top of page

Operationalizing Implementation with Human and Learning-Centered Design (Part 1)


The effective adoption and implementation of evidence-based programs and practices (EBPs) is vital to improving instruction and student outcomes. Yet, multiple factors hinder the process of translating evidence and research-based practices into school and classroom settings. Sometimes the problem is associated with the design of the program or practice itself. For example, an EBP may have a high degree of complexity or require highly technical skills, making it challenging to implement consistently and accurately in every classroom. Additionally, if the program is a poor fit (does not align with the culture, climate, and context), it can create a significant barrier to quality implementation. However, and more commonly, the knowing and doing gap exists due to the form and function of the implementation itself. In other words, the implementation design becomes the barrier to intended results and overall impact on instruction and learning. Therefore, planning for quality implementation requires implementation literacy to include knowledge of implementation strategies and implementation design.

Implementation Science (IS) studies how EBPs can become active and effective to create educationally significant outcomes. Adapted from the Implementation Science Program at the University of Washington, Department of Global Health (2020), we view IS as a means to help us understand how to get ‘what works’ to schools who need it, with more incredible speed, fidelity, efficiency, quality, scale, and sustainability. Unfortunately, from our anecdotal experience working with thousands of organizations focused on learning, most schools and their leadership have little knowledge of IS. Therefore, they have little knowledge and understanding of implementation strategies and implementation design. Increasing an organization’s implementation literacy, learning how to operationalize evidence-based implementation strategies through effective design can be the difference between significant results in a relatively short time or just another failed and abandoned initiative.

Implementation strategies are designed to facilitate and foster the effective integration of EBPs into school and classroom settings. Selecting the proper implementation strategies to address barriers to implementation and improve implementation outcomes can significantly increase the impact of EBPs. Some examples of implementation strategies include but are not limited to coaching, funding for training, materials and or staff, incentives, small pilots, modeling, and ongoing job-embedded learning. BJ Powell and his colleagues identified 73 evidence-based implementation strategies known as “Expert Recommendations for Implementation Change” (Powell et al., 2015). Identifying the most appropriate and practical implementation strategies requires a deep understanding of the organization’s culture, climate, and context. But, how do you select and operationalize the “right” implementation strategies? We have found that the answer to that question lies in human and learning-centered design.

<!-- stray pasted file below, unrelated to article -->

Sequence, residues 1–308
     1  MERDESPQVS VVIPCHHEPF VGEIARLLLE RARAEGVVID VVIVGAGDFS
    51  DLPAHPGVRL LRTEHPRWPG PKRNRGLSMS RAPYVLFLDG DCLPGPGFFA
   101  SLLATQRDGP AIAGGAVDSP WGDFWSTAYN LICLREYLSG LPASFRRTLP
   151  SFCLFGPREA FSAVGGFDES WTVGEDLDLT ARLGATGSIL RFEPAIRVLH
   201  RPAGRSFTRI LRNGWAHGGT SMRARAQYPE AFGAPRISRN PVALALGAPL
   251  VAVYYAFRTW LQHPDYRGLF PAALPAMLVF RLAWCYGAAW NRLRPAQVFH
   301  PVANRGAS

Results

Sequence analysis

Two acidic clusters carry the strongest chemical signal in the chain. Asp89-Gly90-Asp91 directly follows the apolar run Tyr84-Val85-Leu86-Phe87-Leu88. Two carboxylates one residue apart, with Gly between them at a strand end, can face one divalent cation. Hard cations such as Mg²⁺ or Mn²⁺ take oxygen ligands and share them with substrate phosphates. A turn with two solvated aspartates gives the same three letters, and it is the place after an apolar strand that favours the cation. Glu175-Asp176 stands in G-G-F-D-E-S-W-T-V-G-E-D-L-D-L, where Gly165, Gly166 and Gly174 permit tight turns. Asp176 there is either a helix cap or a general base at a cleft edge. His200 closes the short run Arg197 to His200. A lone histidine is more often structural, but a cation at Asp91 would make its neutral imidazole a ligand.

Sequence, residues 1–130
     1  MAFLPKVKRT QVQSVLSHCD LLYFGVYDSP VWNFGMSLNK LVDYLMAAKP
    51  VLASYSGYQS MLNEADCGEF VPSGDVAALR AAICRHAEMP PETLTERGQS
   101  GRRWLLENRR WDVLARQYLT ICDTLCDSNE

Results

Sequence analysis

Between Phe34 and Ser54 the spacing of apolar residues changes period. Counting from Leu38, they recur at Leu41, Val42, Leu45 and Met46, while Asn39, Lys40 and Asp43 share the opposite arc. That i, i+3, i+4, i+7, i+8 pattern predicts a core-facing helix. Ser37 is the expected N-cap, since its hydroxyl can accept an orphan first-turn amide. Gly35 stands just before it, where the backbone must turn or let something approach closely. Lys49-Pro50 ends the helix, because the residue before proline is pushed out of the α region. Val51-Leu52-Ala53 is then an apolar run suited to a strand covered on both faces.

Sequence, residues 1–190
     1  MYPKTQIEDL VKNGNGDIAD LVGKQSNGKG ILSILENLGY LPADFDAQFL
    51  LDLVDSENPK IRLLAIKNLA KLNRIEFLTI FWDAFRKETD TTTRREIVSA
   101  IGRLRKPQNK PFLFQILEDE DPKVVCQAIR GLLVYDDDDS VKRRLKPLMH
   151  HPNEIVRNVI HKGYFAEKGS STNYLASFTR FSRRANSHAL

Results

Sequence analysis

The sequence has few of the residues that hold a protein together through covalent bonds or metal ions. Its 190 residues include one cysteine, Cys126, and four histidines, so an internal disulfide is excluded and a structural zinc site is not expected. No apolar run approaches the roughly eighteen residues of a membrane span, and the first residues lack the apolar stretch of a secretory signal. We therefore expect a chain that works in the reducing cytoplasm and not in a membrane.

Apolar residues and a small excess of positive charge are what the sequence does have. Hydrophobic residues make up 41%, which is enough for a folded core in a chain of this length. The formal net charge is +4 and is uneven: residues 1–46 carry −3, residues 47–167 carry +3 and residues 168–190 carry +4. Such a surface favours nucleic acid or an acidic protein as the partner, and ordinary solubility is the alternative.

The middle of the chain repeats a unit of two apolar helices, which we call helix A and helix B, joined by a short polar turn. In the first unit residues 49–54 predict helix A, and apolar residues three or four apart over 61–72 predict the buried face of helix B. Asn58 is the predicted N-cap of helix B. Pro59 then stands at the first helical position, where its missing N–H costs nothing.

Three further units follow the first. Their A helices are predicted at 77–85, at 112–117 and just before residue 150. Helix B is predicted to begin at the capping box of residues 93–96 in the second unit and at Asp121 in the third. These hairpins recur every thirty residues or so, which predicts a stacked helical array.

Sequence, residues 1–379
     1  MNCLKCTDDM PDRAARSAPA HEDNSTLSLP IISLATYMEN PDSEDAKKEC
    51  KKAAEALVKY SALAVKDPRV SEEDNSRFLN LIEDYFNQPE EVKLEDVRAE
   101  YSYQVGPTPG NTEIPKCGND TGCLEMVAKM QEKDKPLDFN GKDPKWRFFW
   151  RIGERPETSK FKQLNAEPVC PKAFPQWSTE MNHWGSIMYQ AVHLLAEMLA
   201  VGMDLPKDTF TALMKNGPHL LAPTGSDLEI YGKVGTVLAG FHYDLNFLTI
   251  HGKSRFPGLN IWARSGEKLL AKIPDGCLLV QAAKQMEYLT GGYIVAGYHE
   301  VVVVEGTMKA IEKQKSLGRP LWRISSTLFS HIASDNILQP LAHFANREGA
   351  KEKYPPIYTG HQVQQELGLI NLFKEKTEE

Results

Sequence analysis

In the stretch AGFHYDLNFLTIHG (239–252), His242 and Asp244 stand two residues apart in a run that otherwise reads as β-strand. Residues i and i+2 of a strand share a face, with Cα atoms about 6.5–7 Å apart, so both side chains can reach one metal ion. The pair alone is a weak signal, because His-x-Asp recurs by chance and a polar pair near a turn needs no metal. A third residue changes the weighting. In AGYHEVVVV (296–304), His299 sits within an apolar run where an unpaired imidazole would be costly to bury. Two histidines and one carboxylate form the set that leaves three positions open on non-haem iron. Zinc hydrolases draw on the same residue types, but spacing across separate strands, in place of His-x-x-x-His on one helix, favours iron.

A human and learning-centered approach to implementation design is necessary to effectively identify and operationalize the most appropriate implementation strategies that lead to implementation integrity and sustainability. Human-centered design is a problem-solving approach that considers multiple stakeholders and perspectives (individual implementers, leaders, and others unintentionally affected) in the design process. Learning-centered design recognizes the value of job-embedded professional learning in change and emphasizes the importance of taking into account the needs of the adult learners by providing opportunities to construct meaning. In this case, the learners are those required to make a change due to implementing a new EBP.

At IMPACT Learning and Leading Group, we have identified six human and learning-centered components. These include Inclusion, Meaningful Leadership, Professional Learning, Assess & Adjust, Collective Efficacy, and Teams. In the following six issues, we will unpack each of these human and learning-centered design components and how they can help operationalize your EBP implementation efforts and maximize implementation outcomes.


References:

Powell, Byron J., et al. “A Refined Compilation of Implementation Strategies: Results from the Expert Recommendations for Implementing Chan

ge (ERIC) Project.” Implementation Science: IS, vol. 10, implementationscience …, Feb. 2015, p. 21.


2 views0 comments

Comentarios


bottom of page